In California, the tampon tax lives on. But a class-action lawsuit initially filed out of Santa Clara County will continue the fight to repeal it.
Gov. Jerry Brown vetoed a bill last week that would have exempted tampons, pads and other menstrual products from sales tax. “Tax breaks,” he mansplained, “are the same as new spending” and should be decided in budget deliberations.
Rather than waiting on lawmakers, two women have taken the battle to court. In August, Nicolle DiSimone and Stacy Sobo sued the state Board of Equalization (BOE) over the tax, which they claim violates their constitutional right to equal treatment under the law.
“Honestly, Brown’s veto makes for a much more interesting case,” their attorney, Devon Lyon, tells San Jose Inside.
The past year has seen state after state knock the tax off feminine hygiene supplies by reclassifying them as medical essentials. As the stigma around menstruation begins to fade, the campaign to end the so-called tampon tax has gone viral. For the first time ever, the leader of the free world had something to say about the apparent inequity.
“I have no idea why states would tax these as luxury items,” President Obama told a lifestyle blogger in a YouTube interview earlier this year. “I suspect it’s because men were making the laws when those taxes were passed.”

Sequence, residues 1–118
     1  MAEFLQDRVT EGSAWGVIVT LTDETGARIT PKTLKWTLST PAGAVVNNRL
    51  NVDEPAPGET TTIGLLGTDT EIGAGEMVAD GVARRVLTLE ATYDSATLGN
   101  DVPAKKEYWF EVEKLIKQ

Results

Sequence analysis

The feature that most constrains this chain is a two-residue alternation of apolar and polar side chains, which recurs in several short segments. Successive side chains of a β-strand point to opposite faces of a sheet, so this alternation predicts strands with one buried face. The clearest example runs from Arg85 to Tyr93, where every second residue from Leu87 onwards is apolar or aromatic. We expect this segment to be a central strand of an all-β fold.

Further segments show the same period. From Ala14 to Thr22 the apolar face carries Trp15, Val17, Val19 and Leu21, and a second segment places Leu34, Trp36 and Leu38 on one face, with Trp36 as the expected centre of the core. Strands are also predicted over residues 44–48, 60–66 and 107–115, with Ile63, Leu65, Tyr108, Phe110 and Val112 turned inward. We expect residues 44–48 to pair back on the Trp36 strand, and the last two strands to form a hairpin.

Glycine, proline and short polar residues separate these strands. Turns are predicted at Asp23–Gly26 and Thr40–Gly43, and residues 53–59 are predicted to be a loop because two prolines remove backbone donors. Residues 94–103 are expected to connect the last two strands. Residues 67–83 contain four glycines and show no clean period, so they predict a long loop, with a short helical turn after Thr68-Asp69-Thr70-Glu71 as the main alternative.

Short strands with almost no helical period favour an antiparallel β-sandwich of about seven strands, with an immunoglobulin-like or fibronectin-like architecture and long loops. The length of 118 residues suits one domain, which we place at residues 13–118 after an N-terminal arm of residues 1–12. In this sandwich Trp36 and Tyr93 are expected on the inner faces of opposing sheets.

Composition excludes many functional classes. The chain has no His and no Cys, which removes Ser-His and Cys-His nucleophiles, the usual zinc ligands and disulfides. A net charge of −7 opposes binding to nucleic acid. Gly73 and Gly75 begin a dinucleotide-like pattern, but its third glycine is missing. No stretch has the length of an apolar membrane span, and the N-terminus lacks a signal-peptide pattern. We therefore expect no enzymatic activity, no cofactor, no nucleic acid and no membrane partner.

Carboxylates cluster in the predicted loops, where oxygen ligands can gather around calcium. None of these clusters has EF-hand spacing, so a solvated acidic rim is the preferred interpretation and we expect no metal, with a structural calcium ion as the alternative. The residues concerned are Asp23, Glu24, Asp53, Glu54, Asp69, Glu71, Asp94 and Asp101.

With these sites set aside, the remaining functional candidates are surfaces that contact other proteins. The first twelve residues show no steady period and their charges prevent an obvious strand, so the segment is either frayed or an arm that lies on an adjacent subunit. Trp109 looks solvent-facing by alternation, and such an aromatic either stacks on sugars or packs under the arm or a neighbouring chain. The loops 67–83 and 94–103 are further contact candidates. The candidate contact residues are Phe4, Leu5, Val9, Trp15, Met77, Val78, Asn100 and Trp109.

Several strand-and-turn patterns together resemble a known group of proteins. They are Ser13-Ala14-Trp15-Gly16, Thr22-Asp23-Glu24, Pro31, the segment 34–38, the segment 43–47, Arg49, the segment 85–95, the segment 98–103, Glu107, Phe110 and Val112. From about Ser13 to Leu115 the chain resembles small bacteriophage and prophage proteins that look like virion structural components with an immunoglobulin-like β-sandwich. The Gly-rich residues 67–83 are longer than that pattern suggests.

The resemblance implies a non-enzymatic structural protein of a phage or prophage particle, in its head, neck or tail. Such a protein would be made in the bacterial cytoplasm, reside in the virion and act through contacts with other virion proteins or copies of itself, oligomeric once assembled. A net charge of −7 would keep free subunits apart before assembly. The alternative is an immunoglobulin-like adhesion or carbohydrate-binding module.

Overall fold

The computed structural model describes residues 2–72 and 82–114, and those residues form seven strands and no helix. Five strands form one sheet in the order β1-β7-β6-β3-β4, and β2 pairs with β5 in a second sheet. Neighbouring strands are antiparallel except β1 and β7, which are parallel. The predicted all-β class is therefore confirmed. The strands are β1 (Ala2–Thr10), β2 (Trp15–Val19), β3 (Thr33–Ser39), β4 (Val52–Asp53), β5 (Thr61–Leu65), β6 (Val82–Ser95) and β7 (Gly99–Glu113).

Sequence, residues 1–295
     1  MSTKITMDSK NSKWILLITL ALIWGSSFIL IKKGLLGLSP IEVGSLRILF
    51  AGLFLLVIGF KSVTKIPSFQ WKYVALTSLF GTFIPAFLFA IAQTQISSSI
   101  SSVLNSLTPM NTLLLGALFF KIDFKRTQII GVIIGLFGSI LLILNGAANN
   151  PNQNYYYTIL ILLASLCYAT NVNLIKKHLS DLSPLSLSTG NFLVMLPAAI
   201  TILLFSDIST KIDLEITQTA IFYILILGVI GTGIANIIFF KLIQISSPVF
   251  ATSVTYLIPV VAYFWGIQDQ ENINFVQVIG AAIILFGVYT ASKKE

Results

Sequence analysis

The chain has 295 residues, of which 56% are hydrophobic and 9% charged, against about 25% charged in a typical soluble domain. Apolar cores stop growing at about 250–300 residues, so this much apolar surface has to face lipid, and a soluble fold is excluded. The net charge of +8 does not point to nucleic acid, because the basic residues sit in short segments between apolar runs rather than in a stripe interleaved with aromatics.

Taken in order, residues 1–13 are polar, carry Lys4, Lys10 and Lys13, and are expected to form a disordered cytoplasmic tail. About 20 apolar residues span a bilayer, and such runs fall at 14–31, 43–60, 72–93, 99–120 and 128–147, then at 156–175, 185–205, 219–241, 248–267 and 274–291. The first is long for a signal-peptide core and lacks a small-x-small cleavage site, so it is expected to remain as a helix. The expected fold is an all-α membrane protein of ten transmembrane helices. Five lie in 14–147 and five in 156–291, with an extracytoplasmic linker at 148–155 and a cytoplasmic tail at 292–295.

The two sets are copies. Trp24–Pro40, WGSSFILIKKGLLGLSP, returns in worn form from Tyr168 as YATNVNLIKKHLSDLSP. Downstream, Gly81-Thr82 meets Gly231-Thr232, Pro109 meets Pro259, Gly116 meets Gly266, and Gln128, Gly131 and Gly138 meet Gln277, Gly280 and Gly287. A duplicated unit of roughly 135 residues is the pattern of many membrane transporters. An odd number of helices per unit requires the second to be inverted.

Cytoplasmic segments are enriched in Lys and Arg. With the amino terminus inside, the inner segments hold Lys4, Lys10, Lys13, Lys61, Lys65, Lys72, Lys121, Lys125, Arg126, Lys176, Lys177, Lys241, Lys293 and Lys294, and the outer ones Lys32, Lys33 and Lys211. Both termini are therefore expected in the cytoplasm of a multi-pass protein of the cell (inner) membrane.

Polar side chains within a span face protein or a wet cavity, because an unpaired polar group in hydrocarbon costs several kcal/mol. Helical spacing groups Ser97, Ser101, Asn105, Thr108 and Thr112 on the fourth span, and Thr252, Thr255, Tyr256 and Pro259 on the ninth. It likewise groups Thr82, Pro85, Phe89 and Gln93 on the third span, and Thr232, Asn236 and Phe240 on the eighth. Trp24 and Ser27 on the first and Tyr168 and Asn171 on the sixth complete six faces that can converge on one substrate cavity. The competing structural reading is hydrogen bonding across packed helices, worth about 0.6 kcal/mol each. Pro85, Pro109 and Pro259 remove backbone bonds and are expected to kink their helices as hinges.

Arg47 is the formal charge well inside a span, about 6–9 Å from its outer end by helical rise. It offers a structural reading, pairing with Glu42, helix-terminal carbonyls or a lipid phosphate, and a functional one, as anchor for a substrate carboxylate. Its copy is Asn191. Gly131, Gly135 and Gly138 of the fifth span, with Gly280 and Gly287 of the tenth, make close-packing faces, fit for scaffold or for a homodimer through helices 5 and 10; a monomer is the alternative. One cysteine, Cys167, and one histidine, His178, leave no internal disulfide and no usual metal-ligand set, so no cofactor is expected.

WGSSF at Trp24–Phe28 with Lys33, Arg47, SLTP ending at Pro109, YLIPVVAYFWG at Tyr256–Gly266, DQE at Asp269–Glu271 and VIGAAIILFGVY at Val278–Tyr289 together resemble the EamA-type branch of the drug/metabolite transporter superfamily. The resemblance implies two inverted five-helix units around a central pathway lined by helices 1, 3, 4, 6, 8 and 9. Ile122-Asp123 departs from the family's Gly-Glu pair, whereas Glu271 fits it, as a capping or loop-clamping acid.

California, like most states, applies sales tax to menstrual items because they’re considered “luxury” goods, not necessities like meds and food. Rogaine and Viagra, on the other hand? Those are tax-free. So are movie tickets and candy bars, oddly enough.
Female hygiene items have been subject to sales tax in California since 1933, according to BOE spokesman Jonathan Mendick. Tampons and their ilk aren’t singled out, he says. The $20 million collected from taxing them gets pooled with all other sales tax revenue.
Assembly Bill 1561 would have lifted the tax from tampons, sanitary napkins, menstrual cups and period sponges through 2022. Assemblywoman Cristina Garcia (D-Bell Gardens), who co-sponsored the bill with Republican Assemblywoman Ling Ling Chang, called the governor’s veto “an easy cop-out.”
But Lyon, who has since transferred the case to San Francisco County, says she’s eager to argue her point in court. In her lawsuit, she calls the tax “a vestige of an antiquated patriarchal era when women were somehow considered unequal to men.” The suit notes that California prisons and jails recognize the necessity of providing female inmates with sanitary items. It also points to a 1989 Illinois Supreme Court ruling that deemed period products a clinical need.
The late Supreme Court Justice Antonin Scalia even gets a nod from Lyon, who cites his opinion in a 1993 case that likens a tax on yarmulkes to a tax on Jews.
“While Jewish men have alternative methods of covering their heads for religious purposes, most women have no real alternative to feminine hygiene products while menstruating,” Lyon argues. “If a tax on yarmulkes is a discriminatory tax on being Jewish, the tampon tax is a discriminatory proxy tax on women for being women.”